The role of sphingosine-1-phosphate in host defense and disease following infection with a neurotropic coronavirus
- Author(s): Blanc, Caroline
- Advisor(s): Lane, Thomas E
- et al.
Multiple sclerosis (MS) is a complex neurological disease that causes permanent disability in young adults. The cause of MS is still unknown, although both genetic and environmental factors are believed to play an important role in onset of disease. FTY720 is the first oral drug approved by the FDA to treat relapsing-remitting forms of MS presumably by inhibiting the egress of autoreactive T cells from the lymph nodes thereby preventing infiltration into the central nervous system (CNS). Treated-patients display a reduction in relapses, a decrease in new lesion formation and diminished brain volume loss shown by MRI.
We employ a viral model of demyelination to study various aspects related to the pathogenesis of MS. Intracerebral infection with the neurotropic JHM strain of mouse hepatitis virus (JHMV) results in an acute encephalomyelitis followed by chronic immune-mediated demyelination, that is similar both clinically and histologically to MS. The primary focus of research of this dissertation is to investigate whether FTY720 affects the host response and/or disease progression in response to JHMV infection of the CNS. Administration of FTY720 to JHMV-infected mice resulted in increased mortality associated impaired ability to control CNS viral replication that correlated with dampened accumulation of virus-specific CD4+ and CD8+ T cells. Treatment with FTY720 did not affect proliferation, cytokine secretion, or cytolytic activity by virus-specific T cells. Administration of FTY720 resulted in diminished severity of JHMV-induced demyelination associated with reduced T cell accumulation within the CNS. These findings indicate that FTY720 mutes effective antiviral immune responses by limiting infiltration of virus-specific T cells within the CNS following infection with a neurotropic virus.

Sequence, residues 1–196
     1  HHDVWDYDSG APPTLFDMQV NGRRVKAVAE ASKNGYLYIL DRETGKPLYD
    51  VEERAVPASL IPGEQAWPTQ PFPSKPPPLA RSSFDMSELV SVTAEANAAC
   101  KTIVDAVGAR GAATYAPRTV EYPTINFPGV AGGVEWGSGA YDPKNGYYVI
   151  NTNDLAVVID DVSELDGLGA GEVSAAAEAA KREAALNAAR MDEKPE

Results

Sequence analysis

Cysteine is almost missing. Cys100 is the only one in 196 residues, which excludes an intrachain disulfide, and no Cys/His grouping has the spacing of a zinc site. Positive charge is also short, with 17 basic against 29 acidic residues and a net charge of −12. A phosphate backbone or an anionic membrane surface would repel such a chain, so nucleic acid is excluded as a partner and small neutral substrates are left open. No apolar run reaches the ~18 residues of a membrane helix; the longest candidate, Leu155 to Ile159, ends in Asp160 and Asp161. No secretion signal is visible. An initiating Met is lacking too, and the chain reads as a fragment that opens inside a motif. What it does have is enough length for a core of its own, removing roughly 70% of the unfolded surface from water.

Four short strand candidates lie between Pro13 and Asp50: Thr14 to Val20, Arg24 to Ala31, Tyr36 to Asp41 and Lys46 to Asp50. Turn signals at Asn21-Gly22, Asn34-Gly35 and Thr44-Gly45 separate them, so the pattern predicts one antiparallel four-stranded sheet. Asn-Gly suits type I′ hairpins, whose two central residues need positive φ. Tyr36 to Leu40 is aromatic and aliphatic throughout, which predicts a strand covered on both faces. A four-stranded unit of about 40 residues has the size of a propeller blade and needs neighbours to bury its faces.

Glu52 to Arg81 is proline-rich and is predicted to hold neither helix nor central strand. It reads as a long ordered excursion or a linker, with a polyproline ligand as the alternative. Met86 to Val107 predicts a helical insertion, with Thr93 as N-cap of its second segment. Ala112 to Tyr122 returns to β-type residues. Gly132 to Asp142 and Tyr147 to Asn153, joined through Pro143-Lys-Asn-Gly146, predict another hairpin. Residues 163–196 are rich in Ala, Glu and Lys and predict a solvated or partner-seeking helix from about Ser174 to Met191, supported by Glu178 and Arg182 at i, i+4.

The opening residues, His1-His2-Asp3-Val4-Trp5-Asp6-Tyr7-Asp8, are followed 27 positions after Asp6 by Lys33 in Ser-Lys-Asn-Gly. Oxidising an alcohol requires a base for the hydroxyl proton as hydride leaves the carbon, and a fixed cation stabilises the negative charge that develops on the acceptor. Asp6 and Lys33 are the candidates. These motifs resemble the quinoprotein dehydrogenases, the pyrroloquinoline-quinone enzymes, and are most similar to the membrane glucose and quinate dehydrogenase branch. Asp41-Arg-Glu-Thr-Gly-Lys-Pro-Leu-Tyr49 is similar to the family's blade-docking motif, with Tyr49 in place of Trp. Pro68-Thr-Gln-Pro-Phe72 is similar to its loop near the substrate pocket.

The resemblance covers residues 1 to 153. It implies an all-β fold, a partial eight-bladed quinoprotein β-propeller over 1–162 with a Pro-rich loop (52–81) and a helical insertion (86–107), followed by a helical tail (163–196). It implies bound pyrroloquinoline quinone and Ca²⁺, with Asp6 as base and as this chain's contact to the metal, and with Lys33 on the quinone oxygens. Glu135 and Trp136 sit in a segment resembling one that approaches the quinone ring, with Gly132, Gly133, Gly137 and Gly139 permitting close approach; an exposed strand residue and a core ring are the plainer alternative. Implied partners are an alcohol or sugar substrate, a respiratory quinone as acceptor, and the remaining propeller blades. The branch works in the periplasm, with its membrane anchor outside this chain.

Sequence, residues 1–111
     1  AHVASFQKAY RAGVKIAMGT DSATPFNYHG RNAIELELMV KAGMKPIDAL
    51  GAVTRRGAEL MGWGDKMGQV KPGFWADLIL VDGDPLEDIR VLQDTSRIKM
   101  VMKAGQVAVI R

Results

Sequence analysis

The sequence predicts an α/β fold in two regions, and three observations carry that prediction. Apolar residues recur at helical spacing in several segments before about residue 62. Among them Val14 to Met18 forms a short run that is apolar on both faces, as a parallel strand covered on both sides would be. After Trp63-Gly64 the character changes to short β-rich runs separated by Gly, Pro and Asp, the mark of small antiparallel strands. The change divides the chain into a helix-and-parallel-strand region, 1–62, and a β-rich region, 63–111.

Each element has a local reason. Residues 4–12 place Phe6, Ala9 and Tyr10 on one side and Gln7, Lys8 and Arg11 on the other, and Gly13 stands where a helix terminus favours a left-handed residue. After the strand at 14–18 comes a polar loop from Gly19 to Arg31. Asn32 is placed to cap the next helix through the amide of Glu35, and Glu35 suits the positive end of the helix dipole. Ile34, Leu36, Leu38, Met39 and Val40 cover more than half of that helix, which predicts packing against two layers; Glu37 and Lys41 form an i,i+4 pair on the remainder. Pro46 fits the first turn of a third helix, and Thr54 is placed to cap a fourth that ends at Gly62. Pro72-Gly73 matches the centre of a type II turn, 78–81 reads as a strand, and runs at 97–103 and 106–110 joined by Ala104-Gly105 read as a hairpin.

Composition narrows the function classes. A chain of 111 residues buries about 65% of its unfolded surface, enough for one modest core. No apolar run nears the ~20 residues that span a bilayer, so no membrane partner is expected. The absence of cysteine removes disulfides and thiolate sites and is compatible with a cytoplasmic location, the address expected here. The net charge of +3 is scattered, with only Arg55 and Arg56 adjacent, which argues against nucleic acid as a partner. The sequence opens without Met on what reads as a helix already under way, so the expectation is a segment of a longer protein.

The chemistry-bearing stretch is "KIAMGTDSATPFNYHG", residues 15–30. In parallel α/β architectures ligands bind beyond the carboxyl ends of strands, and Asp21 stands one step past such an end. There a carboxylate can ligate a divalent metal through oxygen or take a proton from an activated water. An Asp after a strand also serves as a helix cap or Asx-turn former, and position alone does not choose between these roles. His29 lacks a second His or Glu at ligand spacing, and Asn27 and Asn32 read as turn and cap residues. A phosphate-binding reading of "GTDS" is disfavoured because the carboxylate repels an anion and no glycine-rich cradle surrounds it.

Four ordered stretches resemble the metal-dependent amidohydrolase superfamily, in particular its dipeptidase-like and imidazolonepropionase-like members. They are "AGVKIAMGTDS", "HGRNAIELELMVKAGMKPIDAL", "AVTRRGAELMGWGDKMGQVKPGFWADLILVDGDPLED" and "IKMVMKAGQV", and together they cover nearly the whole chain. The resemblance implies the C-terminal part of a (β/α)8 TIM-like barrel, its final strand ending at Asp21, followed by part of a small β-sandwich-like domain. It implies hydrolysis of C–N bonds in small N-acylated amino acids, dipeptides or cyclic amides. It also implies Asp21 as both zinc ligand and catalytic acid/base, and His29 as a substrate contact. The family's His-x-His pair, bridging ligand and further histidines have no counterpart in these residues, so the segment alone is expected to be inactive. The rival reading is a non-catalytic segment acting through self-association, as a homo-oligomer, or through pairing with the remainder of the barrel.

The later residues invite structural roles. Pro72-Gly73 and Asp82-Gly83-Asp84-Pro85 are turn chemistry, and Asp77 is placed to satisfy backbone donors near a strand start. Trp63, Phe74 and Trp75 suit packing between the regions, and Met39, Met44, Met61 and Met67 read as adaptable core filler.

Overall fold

Engraftment of mouse neural progenitor cells (NPCs) into the CNS of JHMV-infected mice with established demyelination results in extensive remyelination and axonal sparing. FTY720 readily penetrates the CNS. Therefore, the effect of FTY720 treatment on the biology of NPC's following CNS transplantation into JHMV-infected mice was examined. FTY720 increased NPC migration and proliferation within the spinal cord but did not diminish neuroinflammation, decrease the severity of demyelination nor increase remyelination. Therefore, FTY720 does not enhance the therapeutic potential of NPCs in a model of chronic-induced demyelination.